However, as you can see in the example above, I have attempted to make the chart easier to read by using different line styles with symbols to explain the information. Instead of simply referring to the yellow line, why not talk about the yellow dotted line or the yellow dotted line that illustrates a gradual increase in reading?

Watch this tutorial video to see how to create a line chart and how to format the individual lines.

Video run time is 4 minutes 28 seconds

Creating a Line Chart

  • Go to the insert ribbon and click on add a chart.
  • Choose line chart from the list on the right-hand side and select your style before clicking OK.
  • Enter your values for the chart.
    • Enter values from a text or sources.
    • Or generate a random chart by typing in the following formula: =RANDBETWEEN(1,100). Copy this formula into the other cells and you will generate a completely random chart using random numbers.
  • Change the chart by pressing F9 – this will recalculate the formula and generate new random numbers.

Don’t choose colours that are hard for colour blind people to distinguish.

This was one of the requests from Joanna. She wanted contrasting colors and different line styles to make the lines easy to distinguish. So, we need to format the lines.

Formatting the Lines

  • Select one of the lines and go to the format ribbon.
  • Select the line color menu (shape outline menu) and choose your line color.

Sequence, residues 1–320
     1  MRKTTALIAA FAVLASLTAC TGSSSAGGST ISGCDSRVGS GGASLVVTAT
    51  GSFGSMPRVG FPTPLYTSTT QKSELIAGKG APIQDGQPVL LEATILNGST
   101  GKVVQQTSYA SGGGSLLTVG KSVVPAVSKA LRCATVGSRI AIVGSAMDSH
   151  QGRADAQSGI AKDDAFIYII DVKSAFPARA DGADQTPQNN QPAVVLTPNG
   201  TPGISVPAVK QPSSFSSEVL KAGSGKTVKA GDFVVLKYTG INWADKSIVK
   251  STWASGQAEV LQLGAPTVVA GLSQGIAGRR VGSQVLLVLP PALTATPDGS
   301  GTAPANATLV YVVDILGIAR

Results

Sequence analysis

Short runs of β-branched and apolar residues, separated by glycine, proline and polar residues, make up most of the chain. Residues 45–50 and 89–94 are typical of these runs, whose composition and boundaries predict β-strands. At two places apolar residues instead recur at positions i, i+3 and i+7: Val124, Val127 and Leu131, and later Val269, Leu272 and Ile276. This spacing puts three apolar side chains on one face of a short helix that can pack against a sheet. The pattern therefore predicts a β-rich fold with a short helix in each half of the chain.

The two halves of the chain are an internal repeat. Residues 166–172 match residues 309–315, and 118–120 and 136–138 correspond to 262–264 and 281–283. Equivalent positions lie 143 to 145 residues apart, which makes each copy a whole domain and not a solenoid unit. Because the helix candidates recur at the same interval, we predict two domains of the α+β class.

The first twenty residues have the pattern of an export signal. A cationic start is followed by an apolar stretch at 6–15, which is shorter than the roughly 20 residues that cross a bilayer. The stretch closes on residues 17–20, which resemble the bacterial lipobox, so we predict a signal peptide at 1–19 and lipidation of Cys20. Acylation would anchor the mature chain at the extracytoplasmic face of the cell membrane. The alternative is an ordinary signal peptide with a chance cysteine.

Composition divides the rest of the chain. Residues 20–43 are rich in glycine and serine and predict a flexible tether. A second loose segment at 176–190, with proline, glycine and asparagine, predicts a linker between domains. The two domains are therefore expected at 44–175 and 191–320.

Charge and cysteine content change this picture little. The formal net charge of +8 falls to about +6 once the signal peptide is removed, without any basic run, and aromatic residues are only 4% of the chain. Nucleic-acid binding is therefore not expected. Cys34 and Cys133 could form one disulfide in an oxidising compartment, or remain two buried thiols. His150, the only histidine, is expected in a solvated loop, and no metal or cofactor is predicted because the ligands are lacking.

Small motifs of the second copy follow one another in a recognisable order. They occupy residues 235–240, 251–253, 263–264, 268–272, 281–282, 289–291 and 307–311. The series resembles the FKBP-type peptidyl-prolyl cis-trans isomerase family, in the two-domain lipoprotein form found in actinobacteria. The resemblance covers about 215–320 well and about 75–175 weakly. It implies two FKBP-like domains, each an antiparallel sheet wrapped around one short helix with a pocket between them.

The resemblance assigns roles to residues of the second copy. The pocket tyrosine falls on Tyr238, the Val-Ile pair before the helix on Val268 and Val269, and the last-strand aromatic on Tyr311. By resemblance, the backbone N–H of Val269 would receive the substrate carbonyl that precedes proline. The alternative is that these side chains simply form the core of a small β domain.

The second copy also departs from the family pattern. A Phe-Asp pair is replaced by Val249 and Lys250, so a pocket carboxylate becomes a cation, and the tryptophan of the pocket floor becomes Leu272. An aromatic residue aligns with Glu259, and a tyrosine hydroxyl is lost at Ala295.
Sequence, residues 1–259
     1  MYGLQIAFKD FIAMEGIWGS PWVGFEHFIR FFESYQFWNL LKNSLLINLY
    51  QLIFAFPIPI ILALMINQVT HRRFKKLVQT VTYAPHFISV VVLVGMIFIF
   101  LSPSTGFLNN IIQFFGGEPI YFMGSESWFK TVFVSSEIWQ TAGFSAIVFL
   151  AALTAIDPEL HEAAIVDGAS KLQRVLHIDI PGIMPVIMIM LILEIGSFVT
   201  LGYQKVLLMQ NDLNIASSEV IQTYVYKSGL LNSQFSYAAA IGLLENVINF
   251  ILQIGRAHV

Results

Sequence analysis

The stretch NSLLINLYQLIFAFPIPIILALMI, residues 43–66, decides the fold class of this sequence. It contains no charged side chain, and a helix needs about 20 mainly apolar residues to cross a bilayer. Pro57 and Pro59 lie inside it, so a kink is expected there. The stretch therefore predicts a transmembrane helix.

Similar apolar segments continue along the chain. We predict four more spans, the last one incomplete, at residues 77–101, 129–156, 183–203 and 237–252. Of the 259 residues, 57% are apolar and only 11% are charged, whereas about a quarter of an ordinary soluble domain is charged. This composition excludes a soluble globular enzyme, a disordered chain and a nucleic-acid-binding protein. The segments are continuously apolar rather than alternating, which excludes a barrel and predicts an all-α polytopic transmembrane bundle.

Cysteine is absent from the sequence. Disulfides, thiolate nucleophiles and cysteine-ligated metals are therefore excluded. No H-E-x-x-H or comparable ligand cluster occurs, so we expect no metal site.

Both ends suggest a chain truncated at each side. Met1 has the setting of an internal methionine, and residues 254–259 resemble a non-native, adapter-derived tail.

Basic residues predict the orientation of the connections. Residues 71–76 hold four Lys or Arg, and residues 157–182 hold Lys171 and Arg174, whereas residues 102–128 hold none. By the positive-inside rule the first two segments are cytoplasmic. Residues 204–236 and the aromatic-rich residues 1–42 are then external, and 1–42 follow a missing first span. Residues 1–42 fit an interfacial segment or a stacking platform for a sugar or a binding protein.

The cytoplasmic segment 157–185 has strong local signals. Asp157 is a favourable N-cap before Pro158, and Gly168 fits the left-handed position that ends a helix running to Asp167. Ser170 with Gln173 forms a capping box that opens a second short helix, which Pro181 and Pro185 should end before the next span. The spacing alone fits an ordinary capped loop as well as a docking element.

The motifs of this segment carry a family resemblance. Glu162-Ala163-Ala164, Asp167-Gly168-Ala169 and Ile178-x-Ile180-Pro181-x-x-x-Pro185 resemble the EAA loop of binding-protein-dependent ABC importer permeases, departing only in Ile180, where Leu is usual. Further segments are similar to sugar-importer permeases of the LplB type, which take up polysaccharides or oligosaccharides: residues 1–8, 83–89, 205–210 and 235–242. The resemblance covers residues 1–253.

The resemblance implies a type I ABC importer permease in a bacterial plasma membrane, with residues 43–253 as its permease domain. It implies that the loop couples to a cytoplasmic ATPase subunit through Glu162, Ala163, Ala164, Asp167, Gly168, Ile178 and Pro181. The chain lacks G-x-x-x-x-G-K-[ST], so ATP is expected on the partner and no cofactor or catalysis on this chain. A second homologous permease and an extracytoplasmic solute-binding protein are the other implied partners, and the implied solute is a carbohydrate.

•  Return to the line menu and choose a line style.
  • You will see five icons under the color selection. Choosing a custom color, the eyedropper tool, width options, line style options and arrows. Line style options is the second from the bottom.
The other way to format the lines is to open the format pane.
  • Select one of the lines and right-click. Click on format data series.
  • The format pane will open. Click on the fill line icon.
  • There are two sections. The line section and the marker section.
    • The line section allows you to change the color, transparency, width, number of lines and line style.
    • The marker section allows you to create a marker and change its color, size and shape. Markers represent the data points in the line.

It’s such a quick and simple trick to change the line style, but it can really make a difference and make it so much easier to distinguish the different lines.

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#3 Bar Charts

Bar Chart v2

In the same way we can use line style to help differentiate colors, why not use patterns with other charts.

In the example above, I have attempted to make the chart easier to read by using colors that are easier to distinguish and different pattern fills. I also increased the size of the legend, so it is easier to read the text, but it also easier to see and match the patterns. Instead of simply referring to the black bar, why not talk about the striped black bar or the striped black bar that illustrates Person 1’s internet use?

Watch this tutorial video (of a slightly different example chart) to see how to create a bar chart and how to format a group of bars and give them a pattern fill.

 Video run time is 2 minutes 52 seconds

Creating a Bar Chart

  • Go to the insert ribbon and click on add a chart.
  • Choose bar chart from the list on the right-hand side and select your style before clicking OK.